Phillip Island Twitcher Trail

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Phillip Island and Bass Coast - Twitcher Trail

Phillip Island and Bass Coast are a haven for bird watching! Greet migratory short-tailed shearwater birds on their journey from Alaska, see rare wading birds, parrots, resident purple hens and Cape Barren Geese, watch excitable pelicans get fed in San Remo and of course, see the world-famous Little Penguins making their nightly waddle up the beach to their burrows.

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1320 Ventnor Road, Summerlands

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Twitcher Trail
Discover the best places to spot birds on the Phillip Island and Bass Coast Twitcher Trail

1. The Nobbies / Penguin Parade

Stroll along The Nobbies' famous boardwalks, absorbing coastal views at lookout points set amongst natural sea bird gardens. It's a popular area for breeding colonies of a variety of seabirds, including Little Penguins and Silver Gulls. Pause for a moment on one of the viewing platforms to take in spectacular views of the Island's wild and rugged coastline, be 'wowed' by the blowhole - an amazing sea cave that thunders during big southern swells, and peek through a telescope out to Seal Rocks.

2. Swan Lake

On the way out to the Penguin Parade, look out for the turn off to Swan Lake on the south side of the main road. From the carpark, follow the short, well marked track through coastal bush to two bird hides looking onto Swan Lake. Wander around the peaceful lake and take your time to find a great range of ducks, teal, Cape Barren Geese, wrens, grebes and raptors.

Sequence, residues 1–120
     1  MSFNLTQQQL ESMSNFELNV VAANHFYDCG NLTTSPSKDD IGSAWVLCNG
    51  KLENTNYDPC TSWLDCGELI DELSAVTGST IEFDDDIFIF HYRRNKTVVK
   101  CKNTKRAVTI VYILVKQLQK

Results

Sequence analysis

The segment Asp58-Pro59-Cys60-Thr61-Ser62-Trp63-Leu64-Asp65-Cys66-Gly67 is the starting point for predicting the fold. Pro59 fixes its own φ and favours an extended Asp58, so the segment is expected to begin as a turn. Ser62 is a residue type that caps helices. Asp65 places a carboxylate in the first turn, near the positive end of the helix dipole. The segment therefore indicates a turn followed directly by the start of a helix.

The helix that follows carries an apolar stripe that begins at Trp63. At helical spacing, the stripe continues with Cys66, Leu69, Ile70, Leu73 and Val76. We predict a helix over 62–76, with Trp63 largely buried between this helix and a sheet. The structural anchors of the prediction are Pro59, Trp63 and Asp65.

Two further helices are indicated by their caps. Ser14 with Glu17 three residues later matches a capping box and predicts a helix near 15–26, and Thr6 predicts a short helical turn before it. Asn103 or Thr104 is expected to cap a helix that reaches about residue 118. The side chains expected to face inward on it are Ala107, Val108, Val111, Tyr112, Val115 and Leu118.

3. Rhyll Inlet and Oswin Roberts Reserve

A great way to explore the bushland and birdlife of Phillip Island and an ideal spot for a family adventure! Oswin Roberts Reserve is thriving with Island wildlife and birdlife, including a variety of honeyeaters, parrots, thornbills, pardalotes, silvereyes and other bush birds. After exploring the Reserve, wander through a world-renowned habitat for migratory wader birds and other wildlife species at peaceful Rhyll Inlet. You'll find boardwalks that loop through the tranquil mangroves, saltmarsh and mudflats, where you'll spot spoonbills, oyster catchers, herons, egrets, cormorants, and a range of international waders can be seen in Summer. Pack your telescope or good binoculars for this one.

4. Fisher's Wetland

Tucked away on the left side of the road to Churchill Island, Fisher’s is an expansive wetland and captivating landscape attracting various water-dwelling bird species. A number of walking tracks, boardwalks, bird hides and elevated platforms make it easy to enjoy the varied scenery and spot the birdlife, which includes geese, black swans, pelicans and purple hens.

5. Cape Woolamai

Hooded Plovers are often seen on the ocean beaches and the walk to the headland often rewards birdwatchers with views of a range of raptors, including the White-bellied Sea-Eagle. Keep a lookout for albatross and other pelagic birds, especially in winter. At dusk, from September to April, vast flocks of Short-tailed Shearwaters can be seen returning to their rookeries on the clifftops.